by Renea Guenther @ReneaGuenther
Revisions can easily become overwhelming, especially if you are unprepared for the time and work you must dedicate toward finishing your story.
It is best to remember revisions are merely the next step in the writing process.
But there are a few things to keep in mind as you prepare to tackle revisions:
1. Expect your first draft to be a mess
If you start the revision process expecting your first draft to be perfect and ready for publishing, you’re setting yourself up for failure.
First drafts are meant for exploring ideas and working the story out in our heads. They evolve with each sentence, and you may find your plot changes many times over the course of the story.
I tend to work out problems as I write. Sometimes the story starts headed down one path and changes course once the characters take over.
Even if I plot out every detail beforehand, I always end up following my characters and making a mess.
It doesn’t matter how clean or messy your first draft comes out, you’re always going to find something to fix.
Don’t let it bother you. Just accept it and get to work.
2. Remember to stay focused on the story you want to tell
There is more than one way to tell a story. If you need to replot to make it better, then do it.
You should never be afraid of making changes.
There are many paths your characters can take to accomplish the same end while the core of the story remains the same.
However, if you find yourself changing the story so much every revision is like a new book, you might have a problem with your premise or core conflict.
Establish the core story and change the plot as needed to get back on track.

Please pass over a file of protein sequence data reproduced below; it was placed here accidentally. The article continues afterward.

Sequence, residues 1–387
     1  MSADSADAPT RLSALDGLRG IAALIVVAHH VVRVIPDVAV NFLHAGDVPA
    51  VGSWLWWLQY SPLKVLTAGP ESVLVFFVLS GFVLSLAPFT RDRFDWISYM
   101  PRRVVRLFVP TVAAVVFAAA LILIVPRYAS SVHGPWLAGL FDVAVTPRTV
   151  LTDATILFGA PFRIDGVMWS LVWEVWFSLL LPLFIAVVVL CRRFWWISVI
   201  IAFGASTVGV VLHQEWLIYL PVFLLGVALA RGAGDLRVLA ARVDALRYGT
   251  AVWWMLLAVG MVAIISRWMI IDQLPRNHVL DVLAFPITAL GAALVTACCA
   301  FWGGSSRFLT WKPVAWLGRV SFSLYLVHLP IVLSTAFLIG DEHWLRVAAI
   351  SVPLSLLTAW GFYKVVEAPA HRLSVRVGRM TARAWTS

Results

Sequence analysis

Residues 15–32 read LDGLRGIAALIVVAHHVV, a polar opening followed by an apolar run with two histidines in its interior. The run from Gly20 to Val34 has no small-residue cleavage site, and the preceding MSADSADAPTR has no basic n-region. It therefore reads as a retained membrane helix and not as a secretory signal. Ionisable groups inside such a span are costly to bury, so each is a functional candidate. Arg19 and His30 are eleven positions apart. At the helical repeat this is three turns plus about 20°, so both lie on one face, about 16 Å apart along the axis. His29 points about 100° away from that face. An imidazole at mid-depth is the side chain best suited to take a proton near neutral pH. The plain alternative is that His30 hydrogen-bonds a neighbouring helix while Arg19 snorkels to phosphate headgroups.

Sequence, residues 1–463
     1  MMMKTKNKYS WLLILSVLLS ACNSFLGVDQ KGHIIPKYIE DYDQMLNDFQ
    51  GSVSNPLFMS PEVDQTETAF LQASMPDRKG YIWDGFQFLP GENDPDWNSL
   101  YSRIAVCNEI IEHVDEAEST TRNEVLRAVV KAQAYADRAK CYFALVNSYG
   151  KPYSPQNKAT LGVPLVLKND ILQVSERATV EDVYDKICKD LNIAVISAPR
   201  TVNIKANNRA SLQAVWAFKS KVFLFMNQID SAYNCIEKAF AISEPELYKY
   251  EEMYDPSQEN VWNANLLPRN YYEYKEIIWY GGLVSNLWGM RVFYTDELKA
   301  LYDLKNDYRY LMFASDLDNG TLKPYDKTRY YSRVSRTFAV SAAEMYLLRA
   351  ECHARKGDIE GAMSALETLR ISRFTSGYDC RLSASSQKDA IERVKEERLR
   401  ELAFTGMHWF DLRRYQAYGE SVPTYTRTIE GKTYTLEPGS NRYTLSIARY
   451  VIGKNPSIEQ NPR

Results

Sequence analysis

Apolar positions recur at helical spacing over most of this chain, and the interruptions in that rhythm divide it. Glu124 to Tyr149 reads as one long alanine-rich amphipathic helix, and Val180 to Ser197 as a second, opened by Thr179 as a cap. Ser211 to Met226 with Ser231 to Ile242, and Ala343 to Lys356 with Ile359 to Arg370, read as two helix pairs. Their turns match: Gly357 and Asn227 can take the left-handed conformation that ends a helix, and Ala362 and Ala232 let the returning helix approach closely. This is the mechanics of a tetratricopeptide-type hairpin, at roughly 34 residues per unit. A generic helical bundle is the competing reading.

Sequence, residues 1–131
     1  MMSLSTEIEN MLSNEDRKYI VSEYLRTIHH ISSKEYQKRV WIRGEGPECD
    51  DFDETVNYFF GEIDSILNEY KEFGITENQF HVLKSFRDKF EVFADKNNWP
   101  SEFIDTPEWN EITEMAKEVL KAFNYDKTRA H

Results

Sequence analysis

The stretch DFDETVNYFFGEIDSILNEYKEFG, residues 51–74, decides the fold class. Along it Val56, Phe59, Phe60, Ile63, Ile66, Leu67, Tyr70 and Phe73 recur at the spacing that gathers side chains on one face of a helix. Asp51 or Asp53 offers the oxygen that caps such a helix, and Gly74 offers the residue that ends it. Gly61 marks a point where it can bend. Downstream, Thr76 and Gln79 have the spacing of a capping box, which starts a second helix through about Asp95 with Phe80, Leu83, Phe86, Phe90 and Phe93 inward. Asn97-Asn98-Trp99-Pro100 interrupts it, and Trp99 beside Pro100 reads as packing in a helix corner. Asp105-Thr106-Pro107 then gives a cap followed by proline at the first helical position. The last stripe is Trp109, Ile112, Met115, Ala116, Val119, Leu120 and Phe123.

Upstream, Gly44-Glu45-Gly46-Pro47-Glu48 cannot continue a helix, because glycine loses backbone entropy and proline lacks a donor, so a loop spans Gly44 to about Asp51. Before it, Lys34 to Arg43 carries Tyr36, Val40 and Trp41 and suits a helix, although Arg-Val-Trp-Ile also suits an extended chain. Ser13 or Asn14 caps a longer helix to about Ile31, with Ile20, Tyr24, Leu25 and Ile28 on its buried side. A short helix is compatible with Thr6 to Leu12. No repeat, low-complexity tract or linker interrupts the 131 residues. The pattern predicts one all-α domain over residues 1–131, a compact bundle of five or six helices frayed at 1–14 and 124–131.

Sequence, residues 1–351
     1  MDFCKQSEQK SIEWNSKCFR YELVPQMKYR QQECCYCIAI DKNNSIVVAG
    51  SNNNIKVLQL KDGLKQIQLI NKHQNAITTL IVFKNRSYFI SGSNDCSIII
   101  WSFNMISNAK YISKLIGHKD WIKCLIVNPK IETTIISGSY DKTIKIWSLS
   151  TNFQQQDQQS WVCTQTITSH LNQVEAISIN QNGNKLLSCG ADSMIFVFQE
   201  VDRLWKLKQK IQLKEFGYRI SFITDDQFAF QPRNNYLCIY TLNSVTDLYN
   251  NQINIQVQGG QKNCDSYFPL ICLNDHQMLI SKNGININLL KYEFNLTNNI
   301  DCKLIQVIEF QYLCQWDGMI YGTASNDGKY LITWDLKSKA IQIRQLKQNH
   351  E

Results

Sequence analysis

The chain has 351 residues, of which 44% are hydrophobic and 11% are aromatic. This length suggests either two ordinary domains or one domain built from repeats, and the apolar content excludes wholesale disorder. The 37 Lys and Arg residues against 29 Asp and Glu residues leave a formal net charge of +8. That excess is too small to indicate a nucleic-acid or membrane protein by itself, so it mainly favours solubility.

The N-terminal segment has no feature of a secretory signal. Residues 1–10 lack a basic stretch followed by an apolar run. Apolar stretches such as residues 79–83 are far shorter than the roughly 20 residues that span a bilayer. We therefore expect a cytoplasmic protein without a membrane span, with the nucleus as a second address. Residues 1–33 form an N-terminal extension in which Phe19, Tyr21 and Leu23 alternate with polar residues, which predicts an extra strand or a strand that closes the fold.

Find the path that best serves the characters and the story you want to tell.
3. Always handle the big picture problems first
There’s no point in worrying about description or dialogue if your story has plot problems, such as lack of conflict, stakes, and character goals. Or perhaps needs a whole new plot.
If you polish the writing and you change the story afterward, you just wasted your time because you’re going to have to do it all over again.
Get your story in order, then add in the finishing touches. Your story will be all the stronger for it.
4. Dedicate yourself toward improving the story
Revision takes time to complete and sometimes the amount of work needed can overwhelm us.
The desire to call it done well before it is ready can get stronger the more time passes.
If you want your story to be successful, you must be willing to make it the best you can. You don’t want to publish, only to regret it when the reviews start rolling in.
Never quit when there is still more to do.
The more work you put into the story, the happier you’ll be with how it turned out, no matter how it sells.
5. Cut anything that doesn’t belong
It can be hard to let go of our writing, even when it no longer serves our stories.
Scenes no longer work. Favorite lines no longer fit, no matter how we might try.
You brought them to life, so trashing them can be like letting one of your babies go. But trying to force them to work can ruin even the greatest of stories.
The thing to keep in mind is just because it doesn’t work for this story, doesn’t mean it won’t end up used somewhere else.
Don’t throw them away and forget they ever existed. Save them in another file. You never know when you might use them.
Ideas are meant to be used.
And you never know, that perfect line of dialogue might be waiting for you just when you need it most.
6. Trust your instincts
If something doesn’t feel right, more than likely something needs to be fixed.
The solution might not be immediately apparent, but if it feels off to you, it’s bound to feel ten times more to your readers.
Always trust your gut when making revisions. You’ll never regret it.
Is there anything else we can do to make the revision process easier?